An independent review has concluded there are "stunning inequities" in end of life care in England, and has called for funding changes to enable more people to die at home.
Neil Bonser died of cancer at the age of 35. His father Tony described how his "intensely independent" son was given the opportunity to die at home, following the support of a MacMillan nurse.
"When he got there, I just touched him on the arm and said 'Neil you're home' and I watched the fear and the pain and the stress leave his face," he said.
"Shortly after... he died, but he died peacefully, because he died where he wanted to be."
Palliative care consultant, Dr Rob George of Guy's and St Thomas' NHS Foundation Trust, explains the role of end-of-life care.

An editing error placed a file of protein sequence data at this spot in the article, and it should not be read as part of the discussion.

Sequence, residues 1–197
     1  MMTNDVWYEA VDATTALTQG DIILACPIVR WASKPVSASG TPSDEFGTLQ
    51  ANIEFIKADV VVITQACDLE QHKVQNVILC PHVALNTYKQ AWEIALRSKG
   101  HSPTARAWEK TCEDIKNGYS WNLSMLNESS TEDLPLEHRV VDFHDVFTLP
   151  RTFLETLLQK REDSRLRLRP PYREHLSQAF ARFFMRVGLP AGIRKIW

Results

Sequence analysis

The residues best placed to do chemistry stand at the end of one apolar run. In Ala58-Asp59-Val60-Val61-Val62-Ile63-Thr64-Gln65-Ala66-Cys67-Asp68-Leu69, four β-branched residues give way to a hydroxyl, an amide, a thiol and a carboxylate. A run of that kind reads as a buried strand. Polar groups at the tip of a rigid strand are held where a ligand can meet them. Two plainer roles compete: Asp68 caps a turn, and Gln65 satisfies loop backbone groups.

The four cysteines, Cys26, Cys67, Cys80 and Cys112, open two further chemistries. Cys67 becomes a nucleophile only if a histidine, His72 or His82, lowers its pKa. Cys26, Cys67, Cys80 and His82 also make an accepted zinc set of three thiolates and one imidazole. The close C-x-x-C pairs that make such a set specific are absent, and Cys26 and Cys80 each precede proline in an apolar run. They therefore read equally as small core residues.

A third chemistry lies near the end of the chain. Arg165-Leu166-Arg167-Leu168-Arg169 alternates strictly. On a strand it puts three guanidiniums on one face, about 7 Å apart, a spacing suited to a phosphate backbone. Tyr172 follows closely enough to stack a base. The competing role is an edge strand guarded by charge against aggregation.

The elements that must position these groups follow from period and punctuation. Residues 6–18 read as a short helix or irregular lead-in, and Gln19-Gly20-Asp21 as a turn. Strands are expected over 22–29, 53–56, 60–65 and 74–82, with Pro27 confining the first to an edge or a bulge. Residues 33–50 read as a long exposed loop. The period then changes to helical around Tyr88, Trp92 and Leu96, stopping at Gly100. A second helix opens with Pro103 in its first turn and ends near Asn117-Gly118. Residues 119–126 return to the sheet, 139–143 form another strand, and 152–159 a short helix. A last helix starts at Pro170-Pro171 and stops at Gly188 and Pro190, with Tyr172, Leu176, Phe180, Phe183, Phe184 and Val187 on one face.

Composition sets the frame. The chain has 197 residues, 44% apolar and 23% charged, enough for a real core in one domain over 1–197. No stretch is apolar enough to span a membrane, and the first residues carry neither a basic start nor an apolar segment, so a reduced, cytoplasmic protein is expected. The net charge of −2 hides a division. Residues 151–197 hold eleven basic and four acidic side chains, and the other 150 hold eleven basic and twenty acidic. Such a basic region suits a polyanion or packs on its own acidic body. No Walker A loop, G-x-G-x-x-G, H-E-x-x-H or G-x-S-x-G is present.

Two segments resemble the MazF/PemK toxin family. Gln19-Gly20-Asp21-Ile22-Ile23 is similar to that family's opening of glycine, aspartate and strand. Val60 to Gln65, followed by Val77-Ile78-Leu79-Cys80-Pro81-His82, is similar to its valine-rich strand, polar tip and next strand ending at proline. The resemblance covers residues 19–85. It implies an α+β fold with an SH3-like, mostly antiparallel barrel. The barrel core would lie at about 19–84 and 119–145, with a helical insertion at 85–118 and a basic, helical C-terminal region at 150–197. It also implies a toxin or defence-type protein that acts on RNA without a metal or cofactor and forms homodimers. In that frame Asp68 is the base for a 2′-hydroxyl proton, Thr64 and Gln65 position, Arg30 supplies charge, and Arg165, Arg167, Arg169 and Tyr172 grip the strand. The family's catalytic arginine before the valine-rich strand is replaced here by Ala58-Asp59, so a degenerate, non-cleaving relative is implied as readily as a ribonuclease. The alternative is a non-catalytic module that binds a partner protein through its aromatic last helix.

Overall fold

"What we're helping people to do is to focus in on completing their life and moving away from being a pathological specimen to being a person again," he said.
"Re-bundling people back into personhood is really the central core of what we do in palliative care."
Reacting to the report, care services minister Paul Burstow accepted that "we have to do much better" on palliative care.
"We have some excellent palliative care in this country, but not everyone gets it," he said.
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